February is American Heart Month. Nearly one in two adults in the U.S. have hypertension, or high blood pressure. While healthy habits can start at any age, sometimes it’s easier if they’re practiced during childhood, especially since high blood pressure in adolescents is linked to health problems later in life.
To teach your children how to take care of their health, use these snacks and activities to emphasize how they’re not only eating yummy food or doing something fun, but they’re also helping take care of their hearts now and for their future selves.
There’s a lot to choose from, even if your child is a picky eater. Food pallets can change over time, so be patient and know you’re doing the best you can, and that’s all you can ask of yourself.
If you’re looking for something sweet, your go-to should be fruit in any form. Fruits are naturally full of sugar. Here are some ideas:
It’s important to avoid sodas or any beverages high in sugar like sweetened tea. Here are some healthier options for your kiddo:
Any physical activity that increases your kid’s heart rate for a sustained period like 10-20 minutes helps keep the heart healthy. Consider doing things as a family – going on walks, bike rides, or swimming at the pool – and limiting your child’s screen time. Other options include dancing or marching to music or running through a homemade obstacle course or around the playground. If you can, aim for 60 minutes a day of exercise.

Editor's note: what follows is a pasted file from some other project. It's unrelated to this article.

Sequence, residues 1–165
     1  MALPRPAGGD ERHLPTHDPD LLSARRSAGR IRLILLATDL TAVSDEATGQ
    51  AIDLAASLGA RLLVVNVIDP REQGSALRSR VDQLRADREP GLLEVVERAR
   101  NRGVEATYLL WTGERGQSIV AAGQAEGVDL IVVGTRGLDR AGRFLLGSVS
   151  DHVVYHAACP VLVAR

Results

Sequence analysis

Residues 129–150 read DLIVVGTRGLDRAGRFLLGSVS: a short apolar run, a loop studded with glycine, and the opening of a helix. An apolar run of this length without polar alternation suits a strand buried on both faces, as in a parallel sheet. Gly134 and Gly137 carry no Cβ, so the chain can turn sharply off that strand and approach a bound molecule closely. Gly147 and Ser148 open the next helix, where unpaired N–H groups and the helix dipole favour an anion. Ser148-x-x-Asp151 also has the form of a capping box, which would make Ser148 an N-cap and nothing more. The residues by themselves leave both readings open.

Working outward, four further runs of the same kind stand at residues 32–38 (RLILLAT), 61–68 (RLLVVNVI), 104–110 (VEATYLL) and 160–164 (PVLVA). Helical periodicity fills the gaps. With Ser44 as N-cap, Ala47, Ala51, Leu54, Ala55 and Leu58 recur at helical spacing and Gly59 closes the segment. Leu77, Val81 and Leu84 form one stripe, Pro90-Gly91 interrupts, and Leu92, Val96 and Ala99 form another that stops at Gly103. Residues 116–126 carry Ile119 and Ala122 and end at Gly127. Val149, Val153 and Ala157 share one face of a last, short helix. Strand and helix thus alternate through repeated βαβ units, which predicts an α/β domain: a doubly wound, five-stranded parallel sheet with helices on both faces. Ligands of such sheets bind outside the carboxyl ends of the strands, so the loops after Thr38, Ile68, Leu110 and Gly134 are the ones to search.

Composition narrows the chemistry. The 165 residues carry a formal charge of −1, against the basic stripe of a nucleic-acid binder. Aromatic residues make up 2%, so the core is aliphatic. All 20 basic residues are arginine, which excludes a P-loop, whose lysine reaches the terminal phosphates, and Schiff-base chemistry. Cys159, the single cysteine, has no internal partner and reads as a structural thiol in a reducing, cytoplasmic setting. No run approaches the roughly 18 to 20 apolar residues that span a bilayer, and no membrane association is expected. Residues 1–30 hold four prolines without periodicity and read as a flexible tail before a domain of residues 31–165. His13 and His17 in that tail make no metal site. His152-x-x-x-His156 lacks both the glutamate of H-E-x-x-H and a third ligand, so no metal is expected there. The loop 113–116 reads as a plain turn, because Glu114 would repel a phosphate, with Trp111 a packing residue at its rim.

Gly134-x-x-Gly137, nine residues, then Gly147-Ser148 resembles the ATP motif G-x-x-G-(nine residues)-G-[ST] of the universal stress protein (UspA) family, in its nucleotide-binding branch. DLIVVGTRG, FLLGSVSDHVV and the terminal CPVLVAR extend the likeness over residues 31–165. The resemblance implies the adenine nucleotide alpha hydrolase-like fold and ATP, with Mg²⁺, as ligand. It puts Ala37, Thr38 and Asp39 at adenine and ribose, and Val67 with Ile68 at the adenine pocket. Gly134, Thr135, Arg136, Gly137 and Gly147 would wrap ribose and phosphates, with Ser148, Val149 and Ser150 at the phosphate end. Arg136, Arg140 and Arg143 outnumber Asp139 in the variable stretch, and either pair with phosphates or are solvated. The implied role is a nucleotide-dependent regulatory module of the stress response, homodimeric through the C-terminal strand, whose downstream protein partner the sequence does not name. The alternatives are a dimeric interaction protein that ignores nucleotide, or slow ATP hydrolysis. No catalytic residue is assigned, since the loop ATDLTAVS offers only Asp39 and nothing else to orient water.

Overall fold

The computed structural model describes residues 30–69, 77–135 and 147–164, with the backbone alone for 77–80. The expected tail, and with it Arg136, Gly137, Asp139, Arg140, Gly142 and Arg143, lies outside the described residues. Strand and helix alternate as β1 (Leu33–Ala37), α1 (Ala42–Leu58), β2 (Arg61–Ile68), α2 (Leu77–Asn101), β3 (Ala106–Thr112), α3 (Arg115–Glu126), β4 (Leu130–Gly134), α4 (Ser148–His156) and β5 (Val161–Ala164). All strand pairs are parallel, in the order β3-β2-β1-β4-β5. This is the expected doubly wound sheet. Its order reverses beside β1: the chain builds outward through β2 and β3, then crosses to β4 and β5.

Sports like soccer and basketball are great to get a child’s heart pumping, but of course we love to point out the benefits of swimming. It’s not just a physical activity that uses the whole body – it’s also tied into safety and cognitive development.
Formal swim lessons result in an 88% reduction in drowning risk for children ages 1 to 4, according to the National Institutes of Health, and drowning is responsible for more deaths among children ages 1 to 4 than any other cause except birth defects. Since swim lessons can reduce the risk of drowning and check off the exercise box for the day, it’s an ideal activity to choose for kids. Plus, swimming provides advantages for your child’s brain too.
A study from Griffith University in Australia indicates that children who swim have many advantages when it’s time to start school.
“While we expected the children to show better physical development and perhaps be more confident through swimming, the results in literacy and numeracy really shocked us,” lead researcher Professor Robyn Jorgensen said. “The children were anywhere from six to 15 months ahead of the normal population when it came to cognitive skills, problem solving in mathematics, counting, language and following instructions.”
We hope we’ve given you some ways to incorporate heart-healthy habits in your kid’s life. Learn more about Emler Swim School’s award-winning curriculum by signing up for a virtual information session, held twice a day Monday through Thursday.